You can find suitable products for this category here: Pumps .
Cooling fans should be fixed on one longitudinal side of your aquarium, so the air flow can cover the longest possible water surface to cause maximum cooling by evaporation.
You can find suitable products for this category here: Cooling .
UV-C water clarifiers are always installed outside the aquarium with a separate water pump (JBL ProFlow u). Ideally, use either a vertical mounting for the air in the water to escape with the water flow to the top – or alternatively a horizontal mounting with the water connections upwards so that the air bubbles in the water can escape to the top here too. It is important to follow the recommended pump output!
You can find suitable products for this category here: PROCRISTAL water clarifier .
The lighting, whether if fluorescent tube or LED, ought to be installed as close as possible to the water surface. Mostly this is predetermined by the mount. It is important that the lighting can’t accidentally fall into the water. If this should happen, your lamp requires protection class IPX7 against short immersion into water to protect you from an electric shock.
You can find suitable products for this category here: Lighting .
Even though most technical devices for the aquarium are already on the quiet side, there can still be some annoying noises. Often there is a splashing, sometimes a humming or even a rattling. It is disturbing and we would prefer it to stop. Here’s how to deal with these nuisances:
The JBL external filters of the CristalProfi e range count amongst the very quiet filters, but they can still seem too loud. It may help to place the filter container on an insulating underlay (JBL AquaPad 30x60 cm). Simply cut out a suitable piece or even place two cutouts on top of each other.
If the filter itself is making a noise, there is usually a malfunction. It may be that it has drawn in air and that this makes a noise whenever air gets into the impeller. Set the filter at a slight angle and then listen to see if the noise subsides. If it does, it is due to trapped air. This problem should disappear on its own after a few minutes. If not, the filter is drawing in air and you need to check where this "leak" is located. Replacing the rubber seal between pump head and filter canister will often help.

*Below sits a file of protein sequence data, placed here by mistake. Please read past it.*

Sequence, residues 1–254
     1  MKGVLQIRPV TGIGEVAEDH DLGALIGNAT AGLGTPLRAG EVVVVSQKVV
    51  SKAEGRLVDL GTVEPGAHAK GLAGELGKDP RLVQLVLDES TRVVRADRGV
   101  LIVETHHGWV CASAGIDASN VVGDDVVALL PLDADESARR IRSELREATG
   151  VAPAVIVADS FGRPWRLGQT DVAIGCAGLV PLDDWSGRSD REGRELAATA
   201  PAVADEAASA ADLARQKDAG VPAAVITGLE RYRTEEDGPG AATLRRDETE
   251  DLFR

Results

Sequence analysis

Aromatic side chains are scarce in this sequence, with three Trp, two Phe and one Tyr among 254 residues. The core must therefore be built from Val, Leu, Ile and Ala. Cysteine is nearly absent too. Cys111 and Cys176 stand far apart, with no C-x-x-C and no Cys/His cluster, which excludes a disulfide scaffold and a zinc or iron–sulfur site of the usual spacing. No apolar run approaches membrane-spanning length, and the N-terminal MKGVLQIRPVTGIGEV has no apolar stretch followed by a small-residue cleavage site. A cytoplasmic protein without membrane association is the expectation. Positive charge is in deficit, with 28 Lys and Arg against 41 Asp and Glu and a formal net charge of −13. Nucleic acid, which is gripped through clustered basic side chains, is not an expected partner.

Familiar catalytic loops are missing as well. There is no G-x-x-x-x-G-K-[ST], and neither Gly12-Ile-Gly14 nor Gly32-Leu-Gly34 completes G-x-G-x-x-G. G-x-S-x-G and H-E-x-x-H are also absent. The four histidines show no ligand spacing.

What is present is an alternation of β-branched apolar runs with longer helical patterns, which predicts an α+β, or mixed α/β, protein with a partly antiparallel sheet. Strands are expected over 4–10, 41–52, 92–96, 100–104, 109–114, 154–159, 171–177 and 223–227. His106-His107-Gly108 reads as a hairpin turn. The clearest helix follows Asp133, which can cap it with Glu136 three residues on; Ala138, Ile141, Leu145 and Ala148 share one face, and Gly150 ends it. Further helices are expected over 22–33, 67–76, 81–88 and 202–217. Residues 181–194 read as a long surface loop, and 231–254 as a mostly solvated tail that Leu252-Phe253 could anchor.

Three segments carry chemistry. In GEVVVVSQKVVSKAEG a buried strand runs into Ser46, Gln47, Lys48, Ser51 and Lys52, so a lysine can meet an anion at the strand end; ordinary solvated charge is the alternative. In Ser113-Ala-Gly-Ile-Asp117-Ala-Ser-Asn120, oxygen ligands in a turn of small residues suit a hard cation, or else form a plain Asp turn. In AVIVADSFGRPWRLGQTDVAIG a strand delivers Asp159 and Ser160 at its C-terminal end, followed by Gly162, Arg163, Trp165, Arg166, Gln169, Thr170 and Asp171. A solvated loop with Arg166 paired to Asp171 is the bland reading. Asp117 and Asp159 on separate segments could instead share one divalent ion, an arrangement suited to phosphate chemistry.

If you hear rattling noises or undefinable sounds, the pipes might be hitting the panes, for example, and vibrating. If you pull out the plugs of your technical devices one by one, you will find the culprit. A simple and effective remedy is to "isolate" the contact surface by means of cut aquarium tubing or even a little silicone adhesive that acts as a buffer (JBL AquaSil).
Diaphragm pumps for air generation can often cause a din. It’s not so much because they are noisy in themselves, but rather because their vibrations cause them to move around a bit and then bang against the cabinet or other objects. By unplugging the devices, you can quickly find out if it was the diaphragm pump and simply remedy the situation. Again, using foam to prevent the air pump from wandering around often helps. Ideally, the air pump should be hung on the wall. That would eliminate the possibility of it wandering around! (Anyway, air pumps should never be operated below the water surface, as water could flow back in the hose!). JBL has already fitted a silencer and special noise-absorbing rubber feet to its ProSilent air pumps. These tips therefore apply more to pumps that do not have such noise dampers! By the way: The more back pressure (i.e. reduced power via lever) a diaphragm air pump gets, the more vibrations it generates.
Overflow shafts at aquariums are regularly regarded as nuisances when watching TV! Here the water falls over a glass edge, often with a plastic comb, into the shaft and causes noise. Inserting filter sponge into the shaft invariably dampens this "waterfall noise" very well. However, the sponge MUST be cleaned regularly, as it also acts like a filter and can become clogged! It makes sense to place a pipe in the middle of the overflow shaft for safety, so that the water always finds a route, even with a clogged sponge!
Splashing sounds from the water returning from the filter:
The water that flows from the filter back into the aquarium can certainly be noisy. But it doesn’t have to! The pipe the recirculated filter water comes from should always be placed BELOW the water surface. This way, the filter water can slightly move the water surface in the aquarium (to bring enough oxygen into the aquarium water) and at the same time not expel too much CO2, which the plants need to grow. The more the water surface is moved, the more carbon dioxide (CO2) is expelled from the water. The effect is similar to shaking a cola bottle: Shaking the bottle expels the CO2 and the cola tastes very flat afterwards.
Installing aquarium technology, where do the heater and filter go?
Technology first or setup first? We show you the first steps in setting up your aquarium. How do you position your filter suction and return pipe to create the correct flow in the aquarium? Where does the heater go?